Apache Storm is a scalable ‘stream computing’ platform that is fast gaining popularity. Hadoop and Storm can share the same cluster and the two complement each other well for different computing needs – batch for Hadoop and near-real-time for Storm.
Storm provides a macro architecture for executing ‘big data’ stream processing ‘topologies’. For example, one easily increase the parallelism of any node in the Storm topology to suit the performance requirements.
For streaming analytics, however, Storm does not offer much help out of the box. Often one has to write the needed analytic logic from scratch. Wouldn’t it be nice if one could use something like Reactive Extensions (Rx) within Storm components?
Luckily Nathan Marz – the original author of Storm – chose to enable Storm with multi-language support. While Storm itself is written in Clojure and Java, it implements a (relatively simple?) language-independent protocol that can be used with basically any mainstream language.
FsStorm is an attempt to allow F# (and .Net Rx) to be used for defining and running Storm topologies.
Storm and Rx are big topics in and of themselves. If your are interesting in leveraging FsStorm, it would be best to first understand Storm and Rx using the official and supplemental documentation (blog posts, videos, etc.). It took me a while to get a decent enough grasp of Storm to start putting together FsStorm. Be sure to view one of Nathan’s videos on Storm.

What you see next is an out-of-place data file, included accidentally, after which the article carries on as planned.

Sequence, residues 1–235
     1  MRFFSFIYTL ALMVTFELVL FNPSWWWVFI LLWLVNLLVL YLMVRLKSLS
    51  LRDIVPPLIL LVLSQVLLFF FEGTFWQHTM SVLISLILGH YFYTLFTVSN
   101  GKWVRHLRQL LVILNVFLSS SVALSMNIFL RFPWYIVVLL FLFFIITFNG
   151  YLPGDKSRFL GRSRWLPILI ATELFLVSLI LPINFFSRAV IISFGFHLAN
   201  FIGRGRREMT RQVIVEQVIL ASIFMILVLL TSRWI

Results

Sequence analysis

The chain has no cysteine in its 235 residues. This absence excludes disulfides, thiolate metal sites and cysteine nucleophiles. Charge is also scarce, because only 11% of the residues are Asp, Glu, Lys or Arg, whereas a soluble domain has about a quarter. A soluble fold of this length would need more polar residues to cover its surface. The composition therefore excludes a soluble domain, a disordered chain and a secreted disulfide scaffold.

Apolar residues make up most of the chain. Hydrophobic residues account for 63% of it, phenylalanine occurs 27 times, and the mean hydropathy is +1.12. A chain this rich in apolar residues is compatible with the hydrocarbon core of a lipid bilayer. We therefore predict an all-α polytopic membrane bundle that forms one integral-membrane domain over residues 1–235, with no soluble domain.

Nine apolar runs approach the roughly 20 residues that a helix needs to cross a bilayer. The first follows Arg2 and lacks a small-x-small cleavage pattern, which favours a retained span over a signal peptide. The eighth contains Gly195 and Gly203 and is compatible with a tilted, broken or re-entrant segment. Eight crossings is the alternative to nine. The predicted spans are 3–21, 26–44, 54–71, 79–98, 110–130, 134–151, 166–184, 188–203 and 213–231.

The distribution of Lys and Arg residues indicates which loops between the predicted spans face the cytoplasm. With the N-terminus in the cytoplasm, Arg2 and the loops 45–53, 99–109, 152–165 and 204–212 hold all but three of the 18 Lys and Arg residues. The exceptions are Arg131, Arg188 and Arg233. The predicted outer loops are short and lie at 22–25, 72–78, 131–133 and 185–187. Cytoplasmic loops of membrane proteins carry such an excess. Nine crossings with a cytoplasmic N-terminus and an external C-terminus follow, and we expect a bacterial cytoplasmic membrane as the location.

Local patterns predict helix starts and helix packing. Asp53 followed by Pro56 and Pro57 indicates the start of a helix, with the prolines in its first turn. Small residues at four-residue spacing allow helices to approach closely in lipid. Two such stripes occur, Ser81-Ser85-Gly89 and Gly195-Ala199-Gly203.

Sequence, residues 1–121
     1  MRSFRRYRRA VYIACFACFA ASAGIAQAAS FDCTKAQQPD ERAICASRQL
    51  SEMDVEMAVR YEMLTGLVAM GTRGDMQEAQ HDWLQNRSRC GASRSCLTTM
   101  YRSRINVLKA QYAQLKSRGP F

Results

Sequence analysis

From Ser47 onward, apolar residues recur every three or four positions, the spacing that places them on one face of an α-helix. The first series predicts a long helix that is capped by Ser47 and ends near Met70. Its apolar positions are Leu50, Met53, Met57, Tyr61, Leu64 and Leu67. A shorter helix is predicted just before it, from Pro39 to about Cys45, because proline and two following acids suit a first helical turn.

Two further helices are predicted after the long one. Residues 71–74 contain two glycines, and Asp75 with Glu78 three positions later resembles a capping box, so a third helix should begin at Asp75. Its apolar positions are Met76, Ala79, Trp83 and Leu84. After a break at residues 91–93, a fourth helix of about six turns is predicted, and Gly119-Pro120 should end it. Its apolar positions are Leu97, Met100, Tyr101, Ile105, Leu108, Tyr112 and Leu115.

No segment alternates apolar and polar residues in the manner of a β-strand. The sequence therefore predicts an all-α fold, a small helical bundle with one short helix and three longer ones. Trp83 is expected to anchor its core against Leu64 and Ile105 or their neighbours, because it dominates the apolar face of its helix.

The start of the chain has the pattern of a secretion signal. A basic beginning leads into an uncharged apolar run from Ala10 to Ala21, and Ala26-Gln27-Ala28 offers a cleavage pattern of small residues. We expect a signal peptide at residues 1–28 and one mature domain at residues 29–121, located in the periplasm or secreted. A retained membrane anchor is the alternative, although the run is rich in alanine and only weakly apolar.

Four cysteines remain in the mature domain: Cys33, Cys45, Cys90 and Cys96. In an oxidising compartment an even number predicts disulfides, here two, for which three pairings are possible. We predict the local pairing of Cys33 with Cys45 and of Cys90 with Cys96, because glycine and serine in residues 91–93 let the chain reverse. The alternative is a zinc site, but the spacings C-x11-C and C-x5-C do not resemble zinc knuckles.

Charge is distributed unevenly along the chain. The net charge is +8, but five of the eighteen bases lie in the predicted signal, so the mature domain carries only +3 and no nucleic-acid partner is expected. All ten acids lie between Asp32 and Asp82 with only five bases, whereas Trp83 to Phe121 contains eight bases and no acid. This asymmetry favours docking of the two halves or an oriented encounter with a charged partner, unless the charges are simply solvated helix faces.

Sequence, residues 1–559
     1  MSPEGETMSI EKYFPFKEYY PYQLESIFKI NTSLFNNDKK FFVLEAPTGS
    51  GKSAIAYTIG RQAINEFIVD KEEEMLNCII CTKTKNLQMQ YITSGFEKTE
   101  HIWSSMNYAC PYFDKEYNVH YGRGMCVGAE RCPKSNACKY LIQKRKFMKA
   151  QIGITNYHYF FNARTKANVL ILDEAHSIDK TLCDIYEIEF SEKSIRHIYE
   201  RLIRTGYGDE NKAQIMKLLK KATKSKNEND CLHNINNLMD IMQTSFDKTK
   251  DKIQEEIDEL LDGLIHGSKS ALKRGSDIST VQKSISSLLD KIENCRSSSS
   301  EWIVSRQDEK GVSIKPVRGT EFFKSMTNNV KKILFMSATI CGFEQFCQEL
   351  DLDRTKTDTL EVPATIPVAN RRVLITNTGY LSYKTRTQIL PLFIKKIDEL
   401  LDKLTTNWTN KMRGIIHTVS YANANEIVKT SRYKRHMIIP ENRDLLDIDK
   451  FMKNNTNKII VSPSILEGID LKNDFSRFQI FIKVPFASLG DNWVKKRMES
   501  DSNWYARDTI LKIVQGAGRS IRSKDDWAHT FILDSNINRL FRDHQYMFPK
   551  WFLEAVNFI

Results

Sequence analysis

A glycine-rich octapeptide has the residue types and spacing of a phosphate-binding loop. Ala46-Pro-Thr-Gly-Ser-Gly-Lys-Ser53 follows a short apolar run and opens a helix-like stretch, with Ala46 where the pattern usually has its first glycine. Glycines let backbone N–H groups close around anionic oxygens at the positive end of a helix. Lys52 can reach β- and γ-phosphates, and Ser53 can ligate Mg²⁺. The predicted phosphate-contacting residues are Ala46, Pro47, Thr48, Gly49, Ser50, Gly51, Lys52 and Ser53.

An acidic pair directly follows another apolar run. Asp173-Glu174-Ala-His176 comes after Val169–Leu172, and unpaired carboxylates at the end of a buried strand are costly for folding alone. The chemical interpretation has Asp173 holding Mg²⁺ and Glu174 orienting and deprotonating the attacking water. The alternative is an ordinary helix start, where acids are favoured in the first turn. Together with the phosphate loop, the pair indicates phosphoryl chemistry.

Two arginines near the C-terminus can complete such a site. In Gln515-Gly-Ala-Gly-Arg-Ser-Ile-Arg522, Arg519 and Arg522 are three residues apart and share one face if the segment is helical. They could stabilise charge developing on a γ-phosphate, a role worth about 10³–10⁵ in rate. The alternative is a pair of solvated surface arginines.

Given sufficient Storm knowledge, take a look at the sample project FsSimpleTest. It includes a topology a spout and a bolt. The topology is described with StormDSL (which IMHO makes defining topologies much simpler than in Java).
In order to run FsSimpleTest first setup a Storm cluster under Windows (for now). Download the repo and compile FsSimpleTest. To submit the topology to Storm, use the Submit.fsx script, included in the project but before you run the script make sure the ‘binDir’ variable is set correctly for your environment. Also the “jar” command – which comes with Java JDK – should be in the path (it is used to package the built components into a Jar file which is uploaded to the Storm cluster).
You should be able to see the running topology in Storm UI – the browser-based console.
While the repo does not include a sample that uses Rx (yet) I have been successfully running a 3-component Storm topology that leverages Fsharp.Control.Reactive (the Rx wrapper for F#).
FsStorm does not utilize all of the capabilities offered by Storm. In particular Distributed RPC and Transactional topologies are not supported.
This is a very early but promising start for stream computing with F#. Contributors are welcomed!